Nissan Leaf EV said to be discontinued
The Nissan Leaf's days are numbered.
Driving the news: Nissan is discontinuing the small electric car "by mid-decade," trade journal Automotive News reported Thursday.
- Nissan representatives did not immediately respond to Axios' requests for comment.
Why it matters: Electric vehicles are widely seen as the future of the auto industry (hello Tesla), but early models like the Leaf failed to catch on.
- "Leaf was an attempt at bringing electrification to the masses, but with quirky styling and range limits ... it never really had a chance at becoming what it set out to be," Edmunds analyst Ivan Drury tells Axios in an email.
Flashback: After its debut in 2011, the Leaf quickly became the best-selling EV in the world.
- But it soon ceded the throne to Tesla, and never came close to achieving the vision laid out by former Nissan CEO Carlos Ghosn: selling 500,000 a year by 2013.
- Nissan sold only 14,239 units of the Leaf in the U.S. in 2021, a sliver of the 977,639 vehicles it sold that year.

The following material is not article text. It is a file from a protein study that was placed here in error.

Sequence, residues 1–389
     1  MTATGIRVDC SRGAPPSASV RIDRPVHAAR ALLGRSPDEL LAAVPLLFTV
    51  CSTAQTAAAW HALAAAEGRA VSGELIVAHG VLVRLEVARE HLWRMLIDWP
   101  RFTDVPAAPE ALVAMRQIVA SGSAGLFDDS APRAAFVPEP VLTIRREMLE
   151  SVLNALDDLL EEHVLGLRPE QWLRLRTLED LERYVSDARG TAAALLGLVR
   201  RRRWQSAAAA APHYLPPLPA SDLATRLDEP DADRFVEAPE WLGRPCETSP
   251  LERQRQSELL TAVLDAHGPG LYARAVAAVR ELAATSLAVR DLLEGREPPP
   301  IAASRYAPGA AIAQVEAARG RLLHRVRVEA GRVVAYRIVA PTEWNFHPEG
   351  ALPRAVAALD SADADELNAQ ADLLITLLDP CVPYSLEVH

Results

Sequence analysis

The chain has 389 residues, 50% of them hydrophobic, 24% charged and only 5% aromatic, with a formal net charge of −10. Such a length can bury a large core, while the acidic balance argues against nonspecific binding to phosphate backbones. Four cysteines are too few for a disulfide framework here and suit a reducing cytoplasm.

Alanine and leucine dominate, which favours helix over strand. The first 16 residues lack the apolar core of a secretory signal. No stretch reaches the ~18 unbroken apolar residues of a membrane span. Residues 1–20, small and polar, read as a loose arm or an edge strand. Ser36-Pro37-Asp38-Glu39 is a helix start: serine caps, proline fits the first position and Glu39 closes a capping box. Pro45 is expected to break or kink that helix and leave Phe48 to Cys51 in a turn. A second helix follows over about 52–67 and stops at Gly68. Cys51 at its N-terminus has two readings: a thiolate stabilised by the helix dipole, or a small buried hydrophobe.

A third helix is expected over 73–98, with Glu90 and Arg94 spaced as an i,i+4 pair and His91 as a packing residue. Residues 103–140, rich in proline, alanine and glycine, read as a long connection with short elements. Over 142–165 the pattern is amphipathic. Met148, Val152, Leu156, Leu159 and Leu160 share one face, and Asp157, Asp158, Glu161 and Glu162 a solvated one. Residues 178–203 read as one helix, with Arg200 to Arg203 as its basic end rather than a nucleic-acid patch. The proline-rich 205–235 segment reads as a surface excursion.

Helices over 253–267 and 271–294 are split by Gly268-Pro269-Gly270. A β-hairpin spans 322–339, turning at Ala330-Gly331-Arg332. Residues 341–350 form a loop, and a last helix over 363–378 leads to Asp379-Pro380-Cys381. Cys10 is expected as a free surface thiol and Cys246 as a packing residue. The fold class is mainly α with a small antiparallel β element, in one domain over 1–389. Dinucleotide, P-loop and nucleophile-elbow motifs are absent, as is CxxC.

Zoom out: The Leaf's struggles were tied to its low battery range and its compact frame, with the first version (a 2011 model) traveling only about 73 miles on a single charge.
- The range improved over time, but Nissan has since shifted much of its attention to future EVs, like the sleek Ariya crossover.
- When gas prices tumbled in the late 2010s, the Leaf also fell prey to shifting consumer demand for SUVs and pickups.
The bottom line: The Leaf is now blowing in the wind, but EVs are far from dead.
- "There's going to be a lot of new product that comes to market that will be far better with better battery technology," Autotrader analyst Michelle Krebs tells Axios.
(Editor's note: Autotrader is owned by Cox Enterprises, an investor in Axios.)